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November 3, 2017

A managed decline


November 3, 2017

It is clear that the end of the fossil fuel era is on the horizon. Between plummeting renewable energy costs, uncharted electric vehicle growth, government commitments to decarbonization enshrined in the Paris agreement, and a growing list of fossil fuel project cancellations in the face of massive public opposition and bad economics, the writing’s on the wall.

The question now becomes: What does the path from here to zero carbon look like? Is it ambitious enough to avoid locking in emissions that we can’t afford? Is it intentional enough to protect workers and communities that depend on the carbon-based economy that has gotten us this far? Is it equitable enough to recognize that some countries must move further, faster? And is it honest enough about the reality that a decline of fossil fuels is actually a good thing?

In short – will this be a managed decline of fossil fuel production, or an unmanaged decline? What is the plan?

Let’s take a closer look:

Is the plan ambitious: Is it fast enough to avoid dangerous climate change?

Without efforts to limit this production growth, a variation on one of two themes will unfold: 1. We will miss climate limits and global climate change will be catastrophic, or 2. A much more dramatic future halt and decline of production will be significantly more economically and socially disruptive.

Why wouldn’t you prepare to ensure the decline is as non-disruptive as possible, but also fast enough to avoid the worst climate impacts? Is the plan fair: Does it prepare for a just transition that will protect workers and puts communities first?

Speed and ambition is paramount: As the International Trade Union Confederation grimly puts it, there are no jobs on a dead planet. But a key element of a managed decline is that it must come hand-in-hand with a just transition for jobs and communities that have become dependent on the production of fossil fuels. Everyone can recognize the role fossil fuels have played in the development of the global economy, and everyone should recognize the workers and communities that have made these sectors thrive and provided the world with energy. A critical part of this transition is acknowledging that those workers and communities require and deserve support as their livelihoods change.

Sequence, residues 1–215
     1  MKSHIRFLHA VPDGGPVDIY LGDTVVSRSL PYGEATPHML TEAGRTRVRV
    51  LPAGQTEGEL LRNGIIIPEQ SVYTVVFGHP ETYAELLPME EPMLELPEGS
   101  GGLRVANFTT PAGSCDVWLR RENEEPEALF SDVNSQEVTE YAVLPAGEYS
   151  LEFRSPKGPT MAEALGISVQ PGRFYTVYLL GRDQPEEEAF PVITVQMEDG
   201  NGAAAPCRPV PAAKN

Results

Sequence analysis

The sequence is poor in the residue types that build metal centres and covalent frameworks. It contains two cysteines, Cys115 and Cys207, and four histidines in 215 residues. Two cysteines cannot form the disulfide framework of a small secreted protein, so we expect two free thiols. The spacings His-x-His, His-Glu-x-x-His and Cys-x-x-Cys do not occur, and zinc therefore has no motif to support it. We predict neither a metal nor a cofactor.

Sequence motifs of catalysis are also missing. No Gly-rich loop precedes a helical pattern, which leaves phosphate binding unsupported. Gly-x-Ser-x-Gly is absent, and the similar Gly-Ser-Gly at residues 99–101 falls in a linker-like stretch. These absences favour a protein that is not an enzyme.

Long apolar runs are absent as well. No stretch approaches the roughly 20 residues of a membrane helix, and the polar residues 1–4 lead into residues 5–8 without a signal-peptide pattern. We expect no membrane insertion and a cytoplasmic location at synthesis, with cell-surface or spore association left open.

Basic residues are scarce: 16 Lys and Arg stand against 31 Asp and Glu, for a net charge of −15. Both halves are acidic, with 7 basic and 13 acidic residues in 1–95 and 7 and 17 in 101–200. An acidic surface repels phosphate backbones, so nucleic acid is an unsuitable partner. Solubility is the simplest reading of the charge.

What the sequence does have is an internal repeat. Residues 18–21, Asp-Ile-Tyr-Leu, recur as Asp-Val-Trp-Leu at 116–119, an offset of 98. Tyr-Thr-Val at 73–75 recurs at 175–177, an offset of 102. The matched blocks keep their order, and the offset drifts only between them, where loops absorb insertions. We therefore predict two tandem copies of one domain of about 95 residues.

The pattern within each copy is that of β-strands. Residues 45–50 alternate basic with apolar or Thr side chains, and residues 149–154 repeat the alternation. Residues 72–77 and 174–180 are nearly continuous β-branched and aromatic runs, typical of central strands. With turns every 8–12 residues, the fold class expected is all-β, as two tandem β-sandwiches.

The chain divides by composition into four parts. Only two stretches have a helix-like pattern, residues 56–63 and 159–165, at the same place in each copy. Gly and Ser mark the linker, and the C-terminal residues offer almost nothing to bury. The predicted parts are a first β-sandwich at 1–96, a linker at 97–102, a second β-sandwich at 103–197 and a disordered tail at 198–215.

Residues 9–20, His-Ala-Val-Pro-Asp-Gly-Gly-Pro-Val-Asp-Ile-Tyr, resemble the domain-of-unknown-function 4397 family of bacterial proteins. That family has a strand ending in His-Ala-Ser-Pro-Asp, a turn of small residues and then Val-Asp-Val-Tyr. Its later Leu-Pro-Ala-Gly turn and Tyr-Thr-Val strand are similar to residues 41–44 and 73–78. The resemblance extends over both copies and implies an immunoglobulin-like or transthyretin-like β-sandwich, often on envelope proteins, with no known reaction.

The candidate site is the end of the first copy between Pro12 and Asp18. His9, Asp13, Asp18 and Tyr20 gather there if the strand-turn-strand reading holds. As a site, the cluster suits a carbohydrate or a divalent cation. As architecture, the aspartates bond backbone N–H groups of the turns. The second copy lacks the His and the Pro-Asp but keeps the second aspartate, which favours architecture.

Trade unions and others have developed a framework for a just transition in relation to climate change, the importance of which is recognized in the preamble of the Paris Agreement. Key elements of a just transition include: Sound investments in low-emission and job-rich sectors and technologies;

Social dialogue and democratic consultation of social partners – trade unions and employers – and other stakeholders, such as communities; Research and early assessment of the social and employment impacts of climate policies; Training and skills development to support the deployment of new technologies and foster industrial change; Social protection alongside active labor market policies; and

Local economic diversification plans that support decent work and provide community stability in the transition.

It is also important to note that the fossil fuel economy, while a massive employer, is not always a good employer. Workers and communities have oftentimes been taken advantage of in the boom and abandoned in the bust. We need a transition plan that will not just create new jobs, but that will create good new jobs.

Fossil fuel extraction has impacted tens of thousands of communities around the world, and more often than not, it is marginalized populations that bear the brunt of the impacts of living and working on the frontlines of the fossil fuel economy.


This article has been excerpted from: ‘Fossil Fuels Are Killing Us. So What’s The Plan?’.




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